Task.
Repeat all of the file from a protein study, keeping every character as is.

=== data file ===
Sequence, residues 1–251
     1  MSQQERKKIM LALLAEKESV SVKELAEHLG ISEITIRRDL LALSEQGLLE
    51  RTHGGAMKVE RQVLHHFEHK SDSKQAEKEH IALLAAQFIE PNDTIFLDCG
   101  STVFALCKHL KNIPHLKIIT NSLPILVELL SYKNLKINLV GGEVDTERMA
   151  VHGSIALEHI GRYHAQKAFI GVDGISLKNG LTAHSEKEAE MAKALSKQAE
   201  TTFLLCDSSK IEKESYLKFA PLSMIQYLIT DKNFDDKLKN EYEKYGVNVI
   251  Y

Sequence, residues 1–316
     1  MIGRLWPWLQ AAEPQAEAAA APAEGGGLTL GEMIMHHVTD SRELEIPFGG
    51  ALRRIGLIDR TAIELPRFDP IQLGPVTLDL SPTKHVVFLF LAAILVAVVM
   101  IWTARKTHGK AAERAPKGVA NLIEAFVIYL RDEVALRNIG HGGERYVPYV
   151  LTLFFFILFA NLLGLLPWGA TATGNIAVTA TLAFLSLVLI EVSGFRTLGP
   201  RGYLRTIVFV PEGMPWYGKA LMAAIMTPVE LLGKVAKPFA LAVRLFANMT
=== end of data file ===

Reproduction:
Sequence, residues 1–251
     1  MSQQERKKIM LALLAEKESV SVKELAEHLG ISEITIRRDL LALSEQGLLE
    51  RTHGGAMKVE RQVLHHFEHK SDSKQAEKEH IALLAAQFIE PNDTIFLDCG
   101  STVFALCKHL KNIPHLKIIT NSLPILVELL SYKNLKINLV GGEVDTERMA
   151  VHGSIALEHI GRYHAQKAFI GVDGISLKNG LTAHSEKEAE MAKALSKQAE
   201  TTFLLCDSSK IEKESYLKFA PLSMIQYLIT DKNFDDKLKN EYEKYGVNVI
   251  Y

Sequence, residues 1–316
     1  MIGRLWPWLQ AAEPQAEAAA APAEGGGLTL GEMIMHHVTD SRELEIPFGG
    51  ALRRIGLIDR TAIELPRFDP IQLGPVTLDL SPTKHVVFLF LAAILVAVVM
   101  IWTARKTHGK AAERAPKGVA NLIEAFVIYL RDEVALRNIG HGGERYVPYV
   151  LTLFFFILFA NLLGLLPWGA TATGNIAVTA TLAFLSLVLI EVSGFRTLGP
   201  RGYLRTIVFV PEGMPWYGKA LMAAIMTPVE LLGKVAKPFA LAVRLFANMT